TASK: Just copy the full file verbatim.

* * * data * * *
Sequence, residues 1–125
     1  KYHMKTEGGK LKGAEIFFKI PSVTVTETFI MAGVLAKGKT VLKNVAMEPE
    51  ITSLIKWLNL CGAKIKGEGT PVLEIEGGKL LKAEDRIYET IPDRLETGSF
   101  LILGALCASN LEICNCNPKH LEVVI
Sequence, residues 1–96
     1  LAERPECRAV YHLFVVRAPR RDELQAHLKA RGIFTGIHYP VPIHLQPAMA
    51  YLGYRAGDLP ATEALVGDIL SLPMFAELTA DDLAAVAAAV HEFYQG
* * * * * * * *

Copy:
Sequence, residues 1–125
     1  KYHMKTEGGK LKGAEIFFKI PSVTVTETFI MAGVLAKGKT VLKNVAMEPE
    51  ITSLIKWLNL CGAKIKGEGT PVLEIEGGKL LKAEDRIYET IPDRLETGSF
   101  LILGALCASN LEICNCNPKH LEVVI
Sequence, residues 1–96
     1  LAERPECRAV YHLFVVRAPR RDELQAHLKA RGIFTGIHYP VPIHLQPAMA
    51  YLGYRAGDLP ATEALVGDIL SLPMFAELTA DDLAAVAAAV HEFYQG